Reality Check Reply:

    Prop already runs a private/chartered ferry service (tech employer shuttle) to Redwood City’s Westpoint Harbor … with upcoming plans for public service.

    Meanwhile, the Port of RWC’s WETA ferry status web page is still around …

    Aarond Reply:

    Which will only turn Seaport into a parking lot, because it’s so isolated. Everything out there should be built up so Samtrans can be coerced into providing a proper connection service into it.

    Roland Reply:

    Why would SamTrans provide a proper connection service to anything????

    Michael Reply:

    Exactly- You’ve hit on the exact problem with the myth of ferries. While the bay is wide open, access at landslide is constrained because the last thing that should be on the shoreline is parking lots. Golden Gate is again trying to get people on feeders to the Larkspur boats, the busiest service in the bay area, because realistically they can’t increase parking at the terminal.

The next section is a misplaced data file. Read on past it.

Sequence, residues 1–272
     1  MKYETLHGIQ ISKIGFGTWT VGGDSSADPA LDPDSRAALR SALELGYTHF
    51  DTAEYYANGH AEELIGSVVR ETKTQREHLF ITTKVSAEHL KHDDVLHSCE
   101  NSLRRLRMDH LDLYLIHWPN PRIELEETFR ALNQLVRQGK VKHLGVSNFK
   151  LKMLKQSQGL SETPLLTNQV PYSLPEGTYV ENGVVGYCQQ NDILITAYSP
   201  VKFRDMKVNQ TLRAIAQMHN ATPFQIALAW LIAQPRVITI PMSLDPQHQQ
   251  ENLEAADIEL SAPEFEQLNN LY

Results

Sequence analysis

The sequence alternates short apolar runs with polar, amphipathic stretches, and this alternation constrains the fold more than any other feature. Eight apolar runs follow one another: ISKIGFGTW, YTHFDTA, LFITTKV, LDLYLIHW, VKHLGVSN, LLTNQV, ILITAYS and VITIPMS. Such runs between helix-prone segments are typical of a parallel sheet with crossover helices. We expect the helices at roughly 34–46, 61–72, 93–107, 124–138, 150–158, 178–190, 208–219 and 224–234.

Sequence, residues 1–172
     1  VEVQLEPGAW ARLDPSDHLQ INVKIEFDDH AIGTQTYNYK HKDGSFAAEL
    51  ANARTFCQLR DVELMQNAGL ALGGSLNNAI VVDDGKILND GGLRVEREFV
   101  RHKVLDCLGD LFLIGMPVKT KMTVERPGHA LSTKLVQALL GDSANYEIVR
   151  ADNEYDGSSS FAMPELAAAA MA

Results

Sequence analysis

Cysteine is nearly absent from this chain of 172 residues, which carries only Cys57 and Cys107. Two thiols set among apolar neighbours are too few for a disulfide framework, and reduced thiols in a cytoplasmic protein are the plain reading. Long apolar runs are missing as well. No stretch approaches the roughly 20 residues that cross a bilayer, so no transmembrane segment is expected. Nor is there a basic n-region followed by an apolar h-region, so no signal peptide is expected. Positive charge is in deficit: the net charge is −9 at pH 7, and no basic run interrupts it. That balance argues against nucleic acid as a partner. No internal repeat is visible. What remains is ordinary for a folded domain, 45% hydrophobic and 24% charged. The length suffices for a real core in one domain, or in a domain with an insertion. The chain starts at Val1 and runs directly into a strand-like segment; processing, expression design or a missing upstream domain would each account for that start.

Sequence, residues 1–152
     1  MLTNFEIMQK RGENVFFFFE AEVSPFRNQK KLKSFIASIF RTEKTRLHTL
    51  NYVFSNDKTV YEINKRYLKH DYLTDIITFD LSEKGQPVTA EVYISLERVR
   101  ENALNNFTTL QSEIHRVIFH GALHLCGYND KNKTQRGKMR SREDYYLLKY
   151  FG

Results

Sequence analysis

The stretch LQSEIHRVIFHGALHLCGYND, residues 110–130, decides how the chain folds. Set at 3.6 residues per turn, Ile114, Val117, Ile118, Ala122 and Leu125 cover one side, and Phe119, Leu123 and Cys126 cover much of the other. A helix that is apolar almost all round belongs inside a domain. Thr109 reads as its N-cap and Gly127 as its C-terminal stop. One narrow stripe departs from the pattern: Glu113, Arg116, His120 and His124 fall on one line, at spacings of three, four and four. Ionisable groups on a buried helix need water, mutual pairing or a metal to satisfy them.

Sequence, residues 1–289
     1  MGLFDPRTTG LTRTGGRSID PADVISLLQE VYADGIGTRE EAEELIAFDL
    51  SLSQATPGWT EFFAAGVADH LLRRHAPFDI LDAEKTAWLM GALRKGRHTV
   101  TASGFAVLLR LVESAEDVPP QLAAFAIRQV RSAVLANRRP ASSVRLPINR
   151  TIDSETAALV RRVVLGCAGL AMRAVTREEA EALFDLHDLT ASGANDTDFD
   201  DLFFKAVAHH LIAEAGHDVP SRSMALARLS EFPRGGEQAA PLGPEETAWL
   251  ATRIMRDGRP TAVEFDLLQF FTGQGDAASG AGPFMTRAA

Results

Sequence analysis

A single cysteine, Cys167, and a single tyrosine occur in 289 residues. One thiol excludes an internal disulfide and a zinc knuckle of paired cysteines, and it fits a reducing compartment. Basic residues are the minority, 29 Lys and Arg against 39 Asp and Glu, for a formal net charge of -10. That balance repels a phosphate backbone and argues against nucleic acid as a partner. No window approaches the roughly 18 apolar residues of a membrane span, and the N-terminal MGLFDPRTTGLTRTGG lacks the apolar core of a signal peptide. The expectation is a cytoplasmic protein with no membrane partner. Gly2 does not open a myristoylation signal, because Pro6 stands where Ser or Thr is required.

As far as Redwood City is concerned, I don’t see how ferries make sense, except for the fun factor.

    car(e)-free LA Reply:

    Yeah. That seems really weird. The Marin and Eastbay ones make sense, and perhaps a SF-Berkley would be good, but nowhere south of SF makes any sense.

    Jerry Reply:

    One of many Peninsula Problems.
    Foster City and Redwood Shores are both built on swamp land. With an earthen dike/levee around them. Soon to be under water in 40/50 years.
    Cargill flats proposed 12,000 homes for Peninsula housing. But problems of traffic, et.al stopped it via the vote.
    However, 100 separate and different developments of 120 homes each are hardly held to a vote or the same scrutiny on the rest of the Peninsula. Creeping traffic jams forever.

  9. StevieB
    Jan 17th, 2017 at 17:48
    #9

    Ralph Vartabedian’s Los Ángeles Times article lead the Wall Street Journal to opine California’s Big Dig: